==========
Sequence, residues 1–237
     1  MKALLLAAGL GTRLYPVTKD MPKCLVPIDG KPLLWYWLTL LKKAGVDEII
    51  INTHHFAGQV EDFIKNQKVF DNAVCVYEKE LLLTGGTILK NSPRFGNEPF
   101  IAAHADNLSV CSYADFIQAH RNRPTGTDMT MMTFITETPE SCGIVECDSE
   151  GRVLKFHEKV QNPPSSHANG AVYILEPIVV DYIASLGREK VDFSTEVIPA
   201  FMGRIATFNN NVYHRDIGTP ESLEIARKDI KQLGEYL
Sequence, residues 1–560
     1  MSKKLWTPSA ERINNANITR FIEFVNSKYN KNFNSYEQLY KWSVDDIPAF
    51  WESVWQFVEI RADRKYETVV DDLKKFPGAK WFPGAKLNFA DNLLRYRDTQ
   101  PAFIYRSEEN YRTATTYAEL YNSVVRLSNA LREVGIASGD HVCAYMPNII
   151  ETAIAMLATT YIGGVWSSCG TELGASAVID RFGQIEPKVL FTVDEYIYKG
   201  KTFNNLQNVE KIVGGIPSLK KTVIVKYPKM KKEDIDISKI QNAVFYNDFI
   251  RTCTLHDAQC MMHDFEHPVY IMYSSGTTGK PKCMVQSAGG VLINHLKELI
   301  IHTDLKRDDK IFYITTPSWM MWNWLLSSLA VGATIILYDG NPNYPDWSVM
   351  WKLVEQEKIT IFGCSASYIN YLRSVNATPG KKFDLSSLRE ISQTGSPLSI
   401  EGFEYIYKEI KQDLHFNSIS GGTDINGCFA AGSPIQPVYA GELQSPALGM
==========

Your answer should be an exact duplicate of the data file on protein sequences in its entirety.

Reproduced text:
Sequence, residues 1–237
     1  MKALLLAAGL GTRLYPVTKD MPKCLVPIDG KPLLWYWLTL LKKAGVDEII
    51  INTHHFAGQV EDFIKNQKVF DNAVCVYEKE LLLTGGTILK NSPRFGNEPF
   101  IAAHADNLSV CSYADFIQAH RNRPTGTDMT MMTFITETPE SCGIVECDSE
   151  GRVLKFHEKV QNPPSSHANG AVYILEPIVV DYIASLGREK VDFSTEVIPA
   201  FMGRIATFNN NVYHRDIGTP ESLEIARKDI KQLGEYL
Sequence, residues 1–560
     1  MSKKLWTPSA ERINNANITR FIEFVNSKYN KNFNSYEQLY KWSVDDIPAF
    51  WESVWQFVEI RADRKYETVV DDLKKFPGAK WFPGAKLNFA DNLLRYRDTQ
   101  PAFIYRSEEN YRTATTYAEL YNSVVRLSNA LREVGIASGD HVCAYMPNII
   151  ETAIAMLATT YIGGVWSSCG TELGASAVID RFGQIEPKVL FTVDEYIYKG
   201  KTFNNLQNVE KIVGGIPSLK KTVIVKYPKM KKEDIDISKI QNAVFYNDFI
   251  RTCTLHDAQC MMHDFEHPVY IMYSSGTTGK PKCMVQSAGG VLINHLKELI
   301  IHTDLKRDDK IFYITTPSWM MWNWLLSSLA VGATIILYDG NPNYPDWSVM
   351  WKLVEQEKIT IFGCSASYIN YLRSVNATPG KKFDLSSLRE ISQTGSPLSI
   401  EGFEYIYKEI KQDLHFNSIS GGTDINGCFA AGSPIQPVYA GELQSPALGM